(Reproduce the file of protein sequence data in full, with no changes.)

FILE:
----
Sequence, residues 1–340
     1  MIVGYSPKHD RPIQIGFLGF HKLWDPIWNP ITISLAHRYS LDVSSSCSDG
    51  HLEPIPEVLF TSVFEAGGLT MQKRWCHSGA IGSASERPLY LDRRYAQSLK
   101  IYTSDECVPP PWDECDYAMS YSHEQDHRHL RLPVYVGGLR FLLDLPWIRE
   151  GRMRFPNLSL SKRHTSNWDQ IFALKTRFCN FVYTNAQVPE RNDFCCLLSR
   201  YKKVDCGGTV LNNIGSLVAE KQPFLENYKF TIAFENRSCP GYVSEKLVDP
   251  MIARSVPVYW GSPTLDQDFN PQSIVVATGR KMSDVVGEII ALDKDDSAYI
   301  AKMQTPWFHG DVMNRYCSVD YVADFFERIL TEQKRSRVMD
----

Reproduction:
Sequence, residues 1–340
     1  MIVGYSPKHD RPIQIGFLGF HKLWDPIWNP ITISLAHRYS LDVSSSCSDG
    51  HLEPIPEVLF TSVFEAGGLT MQKRWCHSGA IGSASERPLY LDRRYAQSLK
   101  IYTSDECVPP PWDECDYAMS YSHEQDHRHL RLPVYVGGLR FLLDLPWIRE
   151  GRMRFPNLSL SKRHTSNWDQ IFALKTRFCN FVYTNAQVPE RNDFCCLLSR
   201  YKKVDCGGTV LNNIGSLVAE KQPFLENYKF TIAFENRSCP GYVSEKLVDP
   251  MIARSVPVYW GSPTLDQDFN PQSIVVATGR KMSDVVGEII ALDKDDSAYI
   301  AKMQTPWFHG DVMNRYCSVD YVADFFERIL TEQKRSRVMD